Sunday, 27 August 2006 22:05

Dacre Stubbs - Joan Richmond

Written by 
From Martin Stubbs
Memories of Women in Motor Sport in the 30s - Joan Richmond
Edited extracts by MartinStubbs from the unpublished autobiography of Dacre Stubbs


I have made little mention of ‘Les pur-sang des Femme.’ They were plentiful enough on race days amongst the spectator crowds, but on the track amongst the noise, oil fumes and turmoil, they were relatively scarce in those days. But the fair ladies who actually did contribute to the sport with their participation as drivers, mechanics or pit assistants were very special indeed. The days of Mini Grenfell’s black dresses and voluminous bloomers were far gone and young ladies who had become addicted to fast motoring, wore well fitting overalls in appropriately feminine style. They could handle the most daunting of cars, from the massive ‘specials,’ such as the Banarto and Pacey Hassons, the Leyland Thomas and many more down to the aggressive little speedsters like the supercharged Austin 7s; all with that sensitive touch of finesse which is required to keep such thoroughbreds on the track at maximum speed and without ‘blowing them up.’

Among the most noteworthy of these girls was the rather diminutive and very attractive Kay Petre, who virtually got away with the idea that ‘anything you can do I can do better’ syndrome, and in consequence built up a list of successes and records at Brooklands, Shelsley Walsh and continental events, a mile long. There were other significant women drivers such as the two Gwenda’s, Stewart and Hawkes, Margaret Allen, Dorothy Stanley Turner, Elsie (Bill) Wisdom, Doreen Evans, Sheila Darbyshire, Margaret Jennings, plus my Australian friend Joan Richmond, who did as much as any girl to uphold the prestige of women racing drivers. Elsie Wisdom tells a little joke about a young female driver, who when asked by a reporter for a woman’s magazine, what was her favorite perfume, replied “Castrol R.” (For the uninitiated to motor racing, Castrol R was the prime lubricant for racing engines and consisted of castor oil, and smelt like it!)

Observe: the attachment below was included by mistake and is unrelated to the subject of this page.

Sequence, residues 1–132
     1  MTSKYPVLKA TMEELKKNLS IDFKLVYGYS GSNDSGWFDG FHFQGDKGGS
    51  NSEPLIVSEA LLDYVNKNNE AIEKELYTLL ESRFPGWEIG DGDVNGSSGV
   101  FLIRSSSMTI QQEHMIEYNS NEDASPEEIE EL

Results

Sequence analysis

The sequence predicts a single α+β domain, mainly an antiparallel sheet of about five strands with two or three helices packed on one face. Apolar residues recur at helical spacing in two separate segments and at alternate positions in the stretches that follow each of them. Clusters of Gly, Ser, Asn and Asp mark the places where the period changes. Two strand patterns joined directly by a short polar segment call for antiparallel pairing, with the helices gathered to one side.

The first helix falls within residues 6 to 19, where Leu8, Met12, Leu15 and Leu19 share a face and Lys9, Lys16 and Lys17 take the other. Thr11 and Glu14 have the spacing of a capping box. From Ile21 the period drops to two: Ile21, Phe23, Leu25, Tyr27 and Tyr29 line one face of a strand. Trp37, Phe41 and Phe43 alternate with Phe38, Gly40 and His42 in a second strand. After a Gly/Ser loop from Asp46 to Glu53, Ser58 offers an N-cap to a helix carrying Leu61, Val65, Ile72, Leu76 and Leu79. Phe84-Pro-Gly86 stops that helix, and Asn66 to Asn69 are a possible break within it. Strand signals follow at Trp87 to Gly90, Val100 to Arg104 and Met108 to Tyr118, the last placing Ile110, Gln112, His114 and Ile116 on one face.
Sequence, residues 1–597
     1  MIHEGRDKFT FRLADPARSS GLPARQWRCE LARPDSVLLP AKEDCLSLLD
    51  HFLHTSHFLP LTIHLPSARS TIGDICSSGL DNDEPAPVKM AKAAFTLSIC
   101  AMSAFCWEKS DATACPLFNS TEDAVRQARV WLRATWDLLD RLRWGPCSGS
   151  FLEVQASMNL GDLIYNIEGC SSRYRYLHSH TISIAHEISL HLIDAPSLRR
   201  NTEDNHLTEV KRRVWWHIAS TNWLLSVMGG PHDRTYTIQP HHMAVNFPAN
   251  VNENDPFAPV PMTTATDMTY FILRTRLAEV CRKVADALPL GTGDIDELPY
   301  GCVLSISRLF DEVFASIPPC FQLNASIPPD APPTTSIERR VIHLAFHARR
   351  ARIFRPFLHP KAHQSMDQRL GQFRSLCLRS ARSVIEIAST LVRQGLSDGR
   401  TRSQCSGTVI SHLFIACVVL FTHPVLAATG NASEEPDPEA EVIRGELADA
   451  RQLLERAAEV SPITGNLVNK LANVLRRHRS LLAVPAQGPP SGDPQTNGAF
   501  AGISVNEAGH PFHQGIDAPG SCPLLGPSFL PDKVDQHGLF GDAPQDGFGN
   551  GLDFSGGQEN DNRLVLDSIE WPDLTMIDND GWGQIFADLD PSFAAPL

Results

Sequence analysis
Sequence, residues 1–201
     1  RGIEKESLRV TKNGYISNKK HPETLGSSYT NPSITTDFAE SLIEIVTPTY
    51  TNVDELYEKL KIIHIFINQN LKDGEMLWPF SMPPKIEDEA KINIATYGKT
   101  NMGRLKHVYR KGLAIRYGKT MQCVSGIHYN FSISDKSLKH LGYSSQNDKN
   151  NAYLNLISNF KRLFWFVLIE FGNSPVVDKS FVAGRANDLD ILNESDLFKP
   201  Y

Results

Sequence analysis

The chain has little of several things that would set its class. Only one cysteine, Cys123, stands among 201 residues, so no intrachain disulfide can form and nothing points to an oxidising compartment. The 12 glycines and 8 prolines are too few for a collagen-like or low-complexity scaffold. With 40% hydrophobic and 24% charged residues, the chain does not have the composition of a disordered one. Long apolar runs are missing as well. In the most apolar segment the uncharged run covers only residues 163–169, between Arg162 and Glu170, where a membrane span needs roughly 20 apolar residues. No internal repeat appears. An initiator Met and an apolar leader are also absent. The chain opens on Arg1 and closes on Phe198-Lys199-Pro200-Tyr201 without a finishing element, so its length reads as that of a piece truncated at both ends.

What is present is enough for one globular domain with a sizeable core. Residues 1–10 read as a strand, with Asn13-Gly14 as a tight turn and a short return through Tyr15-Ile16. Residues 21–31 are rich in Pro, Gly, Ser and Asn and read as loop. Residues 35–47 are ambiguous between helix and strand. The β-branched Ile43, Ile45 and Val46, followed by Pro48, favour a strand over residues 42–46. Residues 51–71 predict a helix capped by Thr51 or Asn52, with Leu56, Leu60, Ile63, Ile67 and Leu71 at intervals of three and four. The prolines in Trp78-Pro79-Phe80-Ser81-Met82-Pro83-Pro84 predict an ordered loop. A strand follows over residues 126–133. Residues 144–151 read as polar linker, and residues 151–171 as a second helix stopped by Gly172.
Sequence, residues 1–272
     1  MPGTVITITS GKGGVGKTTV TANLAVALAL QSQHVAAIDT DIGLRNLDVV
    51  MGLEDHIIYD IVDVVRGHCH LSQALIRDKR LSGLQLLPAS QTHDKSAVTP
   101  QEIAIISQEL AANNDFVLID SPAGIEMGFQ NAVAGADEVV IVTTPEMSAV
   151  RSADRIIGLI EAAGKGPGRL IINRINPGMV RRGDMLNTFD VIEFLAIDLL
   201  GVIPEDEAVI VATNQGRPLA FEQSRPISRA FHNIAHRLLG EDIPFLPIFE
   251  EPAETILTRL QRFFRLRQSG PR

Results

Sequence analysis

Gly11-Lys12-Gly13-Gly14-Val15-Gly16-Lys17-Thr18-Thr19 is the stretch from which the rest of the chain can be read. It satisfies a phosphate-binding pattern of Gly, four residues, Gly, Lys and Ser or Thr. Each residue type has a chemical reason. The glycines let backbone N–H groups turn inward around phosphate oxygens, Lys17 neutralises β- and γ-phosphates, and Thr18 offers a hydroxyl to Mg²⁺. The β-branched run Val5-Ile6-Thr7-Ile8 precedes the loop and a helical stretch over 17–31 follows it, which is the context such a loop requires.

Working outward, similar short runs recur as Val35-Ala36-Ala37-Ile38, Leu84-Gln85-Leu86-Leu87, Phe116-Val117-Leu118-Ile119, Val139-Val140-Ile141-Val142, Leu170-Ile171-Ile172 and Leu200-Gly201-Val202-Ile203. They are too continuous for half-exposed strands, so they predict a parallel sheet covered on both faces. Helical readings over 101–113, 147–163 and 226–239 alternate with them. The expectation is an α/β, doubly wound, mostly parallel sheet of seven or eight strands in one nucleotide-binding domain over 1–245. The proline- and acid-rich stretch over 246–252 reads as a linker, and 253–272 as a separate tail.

It was in 1932 that the Brooklands Automobile Racing Club (B.A.R.C.) opened their eyes wide enough to recognize the skills and competitive spirit of women motoring enthusiasts, and thus admit them as competitors in ordinary open races at the track. Immediately a young Australian girl, Joan Richmond together with Elsie Wisdom, drove a Riley into first place in the Junior Car Club (J.C.C.) 1.000 mile race. Thereafter in a very short span of time women drivers became a large part of the pleasure in watching motor racing at Brooklands and elsewhere. By 1933 Joan had purchased the ex’ Malcom Campbell 1921 3-litre G.P. Ballot racer in which she demonstrated considerable skill but without significant success. The design of racing cars at this period was advancing fast and the Ballot was considered outdated to the extent that the Brooklands committee was not keen on competitors using such outdated cars and considered them dangerous. In 1934 Joan did achieve a ‘fastest lap’ in one event and towards the end of the year after lapping the outer circuit at over 103 mph, the Ballot ‘threw’ a conrod and holed its crankcase. In 1935 the Ballot was sold and Joan reverted to a supercharged Triumph and took a placing in the J.C.C. July relay event. In October of that year Joan gained a second place in the Ladies 5-lap ‘Mountain’ circuit handicap race; this time driving a Frazer Nash and she was only beaten in the final finishing straight by a much faster supercharged Alta. Anybody having driven the ‘Mountain’ circuit at speeds approaching 80 mph, will know that it takes a fair amount of adrenaline to keep the foot down where it belongs!